The third presidential debate in Google News One Boxes and AMP Carousels21. October 2016
After a spectacular first and second round in the debate boxing ring for Hillary Clinton and Donald Trump – we are off to the final round. And what we can see from Google Trends – America is still staggered by Donald Trump’s latest remarks.
For our third analysis, we updated again the initial keyword set. After having lots of fact check related keywords in our last analysis, we now included “presidential debate fact check” and “presidential debate fact checker” keywords.
Also we added some brand new keywords – for example “rigged election”, “race” or “florida vote by mail” , any many more you can see at the end of the text. After Trump’s latest accusation of a voter fraud and a controlled media, we will later on take a look how the publishers performed in the mobile AMP carousels for the highly discussed topic of a “rigged election”.
Now we’ll take a look at the top 10 publishers of the updated keyword set. Therefore we looked at the visibility in the Google News Boxes for desktop and mobile and the AMP Carousel between 10/19/2016 and 10/21/2016 – to get some round up information of before, during and after the debate.
As we can see cnn.com went the full distance and wins gold for the second time. But most of the other “usual suspects” made the top 10 as well. As we can see nytimes.com is on the second place with a visibility of 7.85% – for the third time in a row. Npr.org, cbsnews.com, and the washingtonpost.com made the top 10, just as in the last two debates. Congratulations to these publishers. Vox.com on the fourth place in desktop is on the other hand a small surprise.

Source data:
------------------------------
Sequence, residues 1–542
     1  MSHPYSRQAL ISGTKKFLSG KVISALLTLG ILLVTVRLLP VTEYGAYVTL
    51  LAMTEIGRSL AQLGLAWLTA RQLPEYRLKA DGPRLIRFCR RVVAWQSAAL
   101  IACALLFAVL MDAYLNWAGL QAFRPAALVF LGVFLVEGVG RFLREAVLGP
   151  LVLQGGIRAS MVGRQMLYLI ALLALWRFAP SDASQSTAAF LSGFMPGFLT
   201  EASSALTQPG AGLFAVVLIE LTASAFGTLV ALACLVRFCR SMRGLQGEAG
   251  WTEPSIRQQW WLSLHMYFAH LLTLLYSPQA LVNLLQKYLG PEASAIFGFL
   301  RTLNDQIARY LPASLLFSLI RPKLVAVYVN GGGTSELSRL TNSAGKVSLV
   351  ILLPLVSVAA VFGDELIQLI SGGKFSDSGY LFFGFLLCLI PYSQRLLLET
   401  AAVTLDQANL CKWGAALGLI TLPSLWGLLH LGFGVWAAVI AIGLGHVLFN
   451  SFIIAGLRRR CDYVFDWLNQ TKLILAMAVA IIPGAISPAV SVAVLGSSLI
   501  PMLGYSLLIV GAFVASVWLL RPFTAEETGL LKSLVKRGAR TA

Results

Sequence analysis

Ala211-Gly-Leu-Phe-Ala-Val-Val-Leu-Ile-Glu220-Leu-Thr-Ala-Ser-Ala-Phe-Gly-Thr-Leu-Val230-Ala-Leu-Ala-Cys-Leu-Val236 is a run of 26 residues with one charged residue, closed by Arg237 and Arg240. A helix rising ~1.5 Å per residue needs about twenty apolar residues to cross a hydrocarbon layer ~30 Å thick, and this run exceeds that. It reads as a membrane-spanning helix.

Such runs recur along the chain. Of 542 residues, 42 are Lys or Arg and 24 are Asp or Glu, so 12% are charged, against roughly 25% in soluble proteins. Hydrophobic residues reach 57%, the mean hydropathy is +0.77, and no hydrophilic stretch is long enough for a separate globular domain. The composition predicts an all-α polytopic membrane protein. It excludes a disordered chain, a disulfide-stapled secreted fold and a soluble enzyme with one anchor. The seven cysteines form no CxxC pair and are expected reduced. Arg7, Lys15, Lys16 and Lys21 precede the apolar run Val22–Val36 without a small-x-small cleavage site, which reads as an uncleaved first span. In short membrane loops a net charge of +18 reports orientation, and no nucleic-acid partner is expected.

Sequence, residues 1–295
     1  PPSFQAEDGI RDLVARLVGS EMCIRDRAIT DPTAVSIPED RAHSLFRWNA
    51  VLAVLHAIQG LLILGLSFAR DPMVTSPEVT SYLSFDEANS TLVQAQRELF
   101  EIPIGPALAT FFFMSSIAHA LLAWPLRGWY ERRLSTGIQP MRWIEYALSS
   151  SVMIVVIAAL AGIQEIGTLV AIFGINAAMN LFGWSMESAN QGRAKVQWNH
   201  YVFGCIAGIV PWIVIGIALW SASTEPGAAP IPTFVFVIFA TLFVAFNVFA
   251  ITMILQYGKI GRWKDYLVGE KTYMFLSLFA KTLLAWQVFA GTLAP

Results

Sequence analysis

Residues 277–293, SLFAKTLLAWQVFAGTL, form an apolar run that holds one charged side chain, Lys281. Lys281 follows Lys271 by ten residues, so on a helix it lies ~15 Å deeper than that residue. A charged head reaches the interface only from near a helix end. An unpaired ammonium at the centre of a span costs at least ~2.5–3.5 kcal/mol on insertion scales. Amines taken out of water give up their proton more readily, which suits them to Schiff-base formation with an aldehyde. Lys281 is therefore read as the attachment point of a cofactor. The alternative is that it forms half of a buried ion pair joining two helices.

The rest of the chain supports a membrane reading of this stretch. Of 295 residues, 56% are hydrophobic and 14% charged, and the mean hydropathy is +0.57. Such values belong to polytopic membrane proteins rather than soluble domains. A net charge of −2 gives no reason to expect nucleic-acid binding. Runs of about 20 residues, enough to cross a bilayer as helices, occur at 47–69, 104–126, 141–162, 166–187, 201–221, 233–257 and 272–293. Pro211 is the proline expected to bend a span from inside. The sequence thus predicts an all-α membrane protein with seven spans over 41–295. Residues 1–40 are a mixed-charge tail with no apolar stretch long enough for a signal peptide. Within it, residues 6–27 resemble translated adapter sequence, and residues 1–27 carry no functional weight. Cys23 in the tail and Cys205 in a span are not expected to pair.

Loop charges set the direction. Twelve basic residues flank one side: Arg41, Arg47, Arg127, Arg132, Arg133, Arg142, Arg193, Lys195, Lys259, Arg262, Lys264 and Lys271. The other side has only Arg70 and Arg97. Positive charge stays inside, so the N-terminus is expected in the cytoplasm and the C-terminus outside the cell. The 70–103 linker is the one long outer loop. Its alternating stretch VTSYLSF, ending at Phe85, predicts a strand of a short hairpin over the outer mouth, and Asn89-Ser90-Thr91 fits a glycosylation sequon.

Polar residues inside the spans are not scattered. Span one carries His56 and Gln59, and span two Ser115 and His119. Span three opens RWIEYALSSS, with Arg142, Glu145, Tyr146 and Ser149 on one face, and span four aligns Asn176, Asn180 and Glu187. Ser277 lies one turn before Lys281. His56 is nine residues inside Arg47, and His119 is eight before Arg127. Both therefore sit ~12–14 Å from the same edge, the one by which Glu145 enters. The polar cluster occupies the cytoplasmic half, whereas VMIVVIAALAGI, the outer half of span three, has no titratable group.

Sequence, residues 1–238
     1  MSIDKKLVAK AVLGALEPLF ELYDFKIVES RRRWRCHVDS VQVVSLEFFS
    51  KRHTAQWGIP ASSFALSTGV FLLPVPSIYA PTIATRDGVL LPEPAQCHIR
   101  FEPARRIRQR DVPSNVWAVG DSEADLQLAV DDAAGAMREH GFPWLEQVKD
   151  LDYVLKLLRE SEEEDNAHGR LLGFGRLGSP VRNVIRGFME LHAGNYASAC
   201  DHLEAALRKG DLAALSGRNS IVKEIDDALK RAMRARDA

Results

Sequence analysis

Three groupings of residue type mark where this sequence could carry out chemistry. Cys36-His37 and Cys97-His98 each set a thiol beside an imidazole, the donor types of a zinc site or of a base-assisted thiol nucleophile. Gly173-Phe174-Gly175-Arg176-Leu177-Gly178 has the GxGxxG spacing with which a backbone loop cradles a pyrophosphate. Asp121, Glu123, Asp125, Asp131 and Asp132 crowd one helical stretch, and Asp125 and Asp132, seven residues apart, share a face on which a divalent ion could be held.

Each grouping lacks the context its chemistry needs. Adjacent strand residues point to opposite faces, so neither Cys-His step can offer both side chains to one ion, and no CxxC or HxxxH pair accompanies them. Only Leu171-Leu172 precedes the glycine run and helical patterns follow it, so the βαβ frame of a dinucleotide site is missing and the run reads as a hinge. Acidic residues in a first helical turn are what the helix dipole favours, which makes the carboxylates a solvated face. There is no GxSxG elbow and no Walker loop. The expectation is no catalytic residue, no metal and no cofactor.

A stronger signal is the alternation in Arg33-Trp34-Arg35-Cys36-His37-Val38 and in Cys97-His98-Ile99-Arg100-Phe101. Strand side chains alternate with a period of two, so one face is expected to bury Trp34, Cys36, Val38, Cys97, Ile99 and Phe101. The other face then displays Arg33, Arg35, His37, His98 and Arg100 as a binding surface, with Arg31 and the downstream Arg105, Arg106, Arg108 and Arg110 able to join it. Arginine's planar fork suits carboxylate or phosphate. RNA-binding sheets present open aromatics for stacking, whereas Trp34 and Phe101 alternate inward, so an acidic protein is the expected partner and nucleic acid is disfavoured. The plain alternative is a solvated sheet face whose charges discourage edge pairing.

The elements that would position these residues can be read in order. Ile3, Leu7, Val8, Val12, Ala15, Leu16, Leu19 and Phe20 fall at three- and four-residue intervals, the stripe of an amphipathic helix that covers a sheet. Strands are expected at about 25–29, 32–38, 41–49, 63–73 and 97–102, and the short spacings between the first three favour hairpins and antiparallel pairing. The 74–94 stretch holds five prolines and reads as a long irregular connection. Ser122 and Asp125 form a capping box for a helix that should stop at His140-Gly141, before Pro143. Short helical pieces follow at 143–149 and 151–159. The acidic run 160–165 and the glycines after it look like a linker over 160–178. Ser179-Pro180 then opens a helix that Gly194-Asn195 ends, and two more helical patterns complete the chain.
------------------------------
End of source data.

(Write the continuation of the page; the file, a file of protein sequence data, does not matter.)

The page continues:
When we take a look at the visibility in the Google News Boxes and mainly AMP Carousels for mobile we see a familiar picture with cnn.com on the top position. Still we have some major differences. Usatoday.com, breitbart.com, timeinc.net, abcnews.go.com and yahoo.com are in the top 10 for mobile visibility, but not in the top 10 for desktop visibility. Especially breitbart.com is again highly visible with a rate of 3,60%. We can also see that the difference between the competitors is significantly less than in the top 10 publishers for the Google News Box desktop edition.
So let’s take a look at the top 5 publishers from the second and third debate. Therefor we used our initial keyword set which you can find below as well.
As we can see cnn.com is still on first place, but the competition has grown stronger as the mobile SERP is concerned. From a 6.02% visibility rate, cnn.com went now a bit down to a visibility rate of 4.55%. Breitbart.com is still on third place with a slightly reduced visibility rate of 3.92% and cbsnews.com is on fifth position again. Position two and four have changed. Instead of washingtonpost.com on second place and nytimes.com on fourth place – we have now usatoday.com on second place and foxnews.com on fourth position.
Before our brand new graphic, let’s take a last look at the comparison of the top 5 visible publishers in the Google News OneBox for desktop.